Like the merciful, those commit the costly act of refusing to answer injury for injury and seeking a peaceful reconciliation instead will find their inheritance as children of God in the kingdom of heaven. When we realize how deeply we ourselves are indebted to God’s grace and dependent on His mercy, we also realize we’re in no position to condemn the sins of others.
- The Sermon on the Mount is a very important body of teaching given by Jesus at a time when he was very popular.
- Jesus intends to show his disciples the issues they will face if they want to be children of God.
- Jesus contrasts his teaching with the teaching of the Pharisees.
- Luke 6 is the same sermon given in shorter version. We can use Luke to understand Matthew and vice versa.
- Jesus speaks cryptically. He makes concise provocative statements that we must think about to understand.
- Jesus makes strong categorical, black and white statements that ultimately reflect the end of a process of struggle, growth and maturity.
- In the beatitudes, Jesus confronts us with fundamental convictions of saving faith.
Each beatitude has 4 features:
- A beatitude tells us WHO is blessed.
- A beatitude tells us WHY such a person is blessed.
- A beatitude tells us ONLY these people are blessed.
- There is something surprising or ironic about these people being blessed.
“Blessed are the peacemakers, for they shall be called sons of God.” – Matthew 5:9
- The peacemakers are fortunate because they shall be called sons of God.
- To be a “son of” something means you are like that something (e.g. Son of Man, Son of God, sons of light, sons of this world, sons of thunder, etc.)
- I understand “sons of God” in this context as a synonym for children of God. When the kingdom comes and God establishes his rule through his Messiah, peacemakers will be given a place in the kingdom as His heirs.
- Like being merciful, being a peacemaker involves being reconciled to another person the way God has reconciled to me.
God as peacemaker
19For in him all the fullness of God was pleased to dwell, 20and through him to reconcile to himself all things, whether on earth or in heaven, making peace by the blood of his cross. – Colossians 1:19-20
1Therefore, since we have been justified by faith, we have peace with God through our Lord Jesus Christ. 2Through him we have also obtained access by faith into this grace in which we stand, and we rejoice in hope of the glory of God. – Romans 5:1-2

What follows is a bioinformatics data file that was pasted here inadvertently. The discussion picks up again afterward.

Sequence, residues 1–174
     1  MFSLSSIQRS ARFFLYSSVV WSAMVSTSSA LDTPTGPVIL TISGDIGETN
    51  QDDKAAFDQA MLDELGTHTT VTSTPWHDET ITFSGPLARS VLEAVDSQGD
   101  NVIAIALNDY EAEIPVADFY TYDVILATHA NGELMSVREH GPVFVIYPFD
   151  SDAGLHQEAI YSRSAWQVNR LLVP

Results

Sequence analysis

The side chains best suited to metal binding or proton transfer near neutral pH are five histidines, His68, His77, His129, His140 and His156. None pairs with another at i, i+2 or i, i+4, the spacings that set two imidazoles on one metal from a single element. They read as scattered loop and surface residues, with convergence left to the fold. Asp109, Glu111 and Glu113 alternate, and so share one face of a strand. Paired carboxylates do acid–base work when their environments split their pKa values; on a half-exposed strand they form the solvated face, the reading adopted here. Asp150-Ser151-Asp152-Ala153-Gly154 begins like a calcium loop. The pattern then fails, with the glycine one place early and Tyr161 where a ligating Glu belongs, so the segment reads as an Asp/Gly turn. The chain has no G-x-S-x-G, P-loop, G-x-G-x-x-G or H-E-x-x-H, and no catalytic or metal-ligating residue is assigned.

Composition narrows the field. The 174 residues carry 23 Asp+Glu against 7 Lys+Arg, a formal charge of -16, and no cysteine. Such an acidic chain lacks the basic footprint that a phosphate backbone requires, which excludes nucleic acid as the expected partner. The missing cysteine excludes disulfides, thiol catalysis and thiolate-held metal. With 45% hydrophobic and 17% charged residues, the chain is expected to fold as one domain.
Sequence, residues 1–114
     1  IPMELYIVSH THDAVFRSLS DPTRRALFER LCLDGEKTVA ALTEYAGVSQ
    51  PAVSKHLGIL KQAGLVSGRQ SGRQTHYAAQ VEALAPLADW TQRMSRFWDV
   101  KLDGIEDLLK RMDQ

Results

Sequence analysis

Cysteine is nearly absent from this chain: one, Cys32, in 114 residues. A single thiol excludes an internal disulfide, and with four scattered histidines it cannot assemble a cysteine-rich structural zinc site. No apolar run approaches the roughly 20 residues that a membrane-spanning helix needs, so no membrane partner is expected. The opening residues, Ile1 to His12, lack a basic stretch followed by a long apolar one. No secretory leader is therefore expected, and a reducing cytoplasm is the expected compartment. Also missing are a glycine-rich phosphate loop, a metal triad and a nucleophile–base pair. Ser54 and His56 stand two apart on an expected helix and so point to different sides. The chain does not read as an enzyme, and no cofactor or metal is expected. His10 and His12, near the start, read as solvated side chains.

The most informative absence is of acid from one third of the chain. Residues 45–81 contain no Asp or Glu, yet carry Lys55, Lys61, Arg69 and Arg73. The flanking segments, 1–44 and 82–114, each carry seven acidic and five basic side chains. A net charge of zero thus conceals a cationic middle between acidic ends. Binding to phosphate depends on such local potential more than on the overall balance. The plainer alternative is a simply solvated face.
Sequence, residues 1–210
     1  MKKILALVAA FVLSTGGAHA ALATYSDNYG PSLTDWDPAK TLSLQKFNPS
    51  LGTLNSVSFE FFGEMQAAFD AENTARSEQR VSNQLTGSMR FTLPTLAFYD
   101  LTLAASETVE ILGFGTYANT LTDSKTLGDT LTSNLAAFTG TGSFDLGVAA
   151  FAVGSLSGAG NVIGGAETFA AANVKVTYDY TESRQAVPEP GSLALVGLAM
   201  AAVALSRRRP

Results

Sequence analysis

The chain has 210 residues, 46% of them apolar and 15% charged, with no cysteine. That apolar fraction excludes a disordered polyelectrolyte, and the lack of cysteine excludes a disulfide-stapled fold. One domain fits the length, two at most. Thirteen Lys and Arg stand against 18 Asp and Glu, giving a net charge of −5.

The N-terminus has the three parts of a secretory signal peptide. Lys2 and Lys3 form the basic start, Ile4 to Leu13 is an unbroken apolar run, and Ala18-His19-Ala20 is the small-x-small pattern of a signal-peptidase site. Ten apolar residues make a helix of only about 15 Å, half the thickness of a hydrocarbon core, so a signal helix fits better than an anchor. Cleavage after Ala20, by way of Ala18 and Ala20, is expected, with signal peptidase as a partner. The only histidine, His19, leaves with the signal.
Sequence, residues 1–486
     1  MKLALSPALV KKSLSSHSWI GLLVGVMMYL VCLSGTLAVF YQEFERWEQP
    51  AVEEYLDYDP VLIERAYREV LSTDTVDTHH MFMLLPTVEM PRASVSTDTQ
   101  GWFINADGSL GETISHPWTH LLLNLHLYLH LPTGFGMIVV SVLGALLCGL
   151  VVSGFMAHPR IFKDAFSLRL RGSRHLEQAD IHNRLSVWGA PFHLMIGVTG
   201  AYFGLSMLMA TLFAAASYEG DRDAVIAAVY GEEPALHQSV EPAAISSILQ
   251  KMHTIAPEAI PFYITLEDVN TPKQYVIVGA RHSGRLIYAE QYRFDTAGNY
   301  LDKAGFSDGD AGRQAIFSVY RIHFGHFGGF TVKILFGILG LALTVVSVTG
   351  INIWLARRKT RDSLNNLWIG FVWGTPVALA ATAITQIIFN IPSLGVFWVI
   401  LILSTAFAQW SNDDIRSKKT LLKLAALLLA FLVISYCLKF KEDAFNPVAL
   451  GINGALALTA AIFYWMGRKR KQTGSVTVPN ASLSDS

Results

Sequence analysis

- Peacemaker Strong’s G1518: εἰρηνοποιός; eirēnopoios (i-ray-nop-oy-os’). It’s only other use in the New Testament is the related verb Strong’s G1517 in Colossians 1:19-20 where it refers to God.
- There are 2 consequences to our rebellion from God. First, we have cut ourselves off from God (the source of life) and we are stuck with death.
- Death is more than the end of life. It includes all the tragedies, corruption and futility of this life (e.g. divorce, alienation, war, strife, and hatred, etc.)
- See What is life and death and why should I care?
- Second, the rebellion is wrong and deserves punishment.
- If you think of our rebellion as turning our backs on God, the second consequence of our rebellion is God turns His back on us.
- We need to be reconciled to God. We are under His wrath and we need to make peace with Him. But left to ourselves, we have no way to gain that peace and reconciliation.
- God in His mercy made peace with us by sending Jesus to satisfy our debt to justice (Romans 5:1-2).
- See What is justification and why do I need it?
- Because we have been justified by faith through Jesus Christ, we now have peace with God (as opposed to being under His wrath).
- God showed us mercy, solving our problem with sin and reconciling us to Himself. Paul describes that in Colossians and Romans as God making peace with us.
Believers as peacemakers
8Finally, all of you, have unity of mind, sympathy, brotherly love, a tender heart, and a humble mind. 9Do not repay evil for evil or reviling for reviling, but on the contrary, bless, for to this you were called, that you may obtain a blessing. 10For “Whoever desires to love life and see good days, let him keep his tongue from evil and his lips from speaking deceit; 11let him turn away from evil and do good; let him seek peace and pursue it. 12For the eyes of the Lord are on the righteous, and his ears are open to their prayer. But the face of the Lord is against those who do evil.” – 1 Peter 3:8-12 (quoting Psalm 34)
- Psalm 34 tells us if we are looking for blessing from God, we must turn away from evil and that includes being people who seek peace and pursue it.
- Peter explains what that looks like: not returning evil for evil or insult for insult but giving a blessing instead.
- Being a peacemaker is being someone who absorbs the blow, and instead seeks peace and reconciliation, just as God did for us.
- Like the other beatitudes, being a peacemaker is also an implication of having genuine saving faith.
- When someone hurts me, it shouldn’t surprise me because we’re both sinful. I am secure in my inheritance to God and I have nothing to gain by reviling and hurting back.
- Once I realize just how deeply I am indebted to God’s grace and dependent on His mercy, I’m in no position to condemn the sins of others. Seeking to hurt them as they have hurt me is adding injury to injury. Nobody wins. There’s nothing to gain.
- If we are not willing to be reconciled to those who have done us wrong, then we have not really understood how much God has forgiven us and how He overlooked our sins to reestablish a relationship with us.
As surprising as it may seem, those who do not return evil for evil but instead seek to be reconciled to those who do evil to them are truly fortunate because they and they only are showing themselves to be like God, as children are like their parents, and they will inherit a place in their father’s kingdom.
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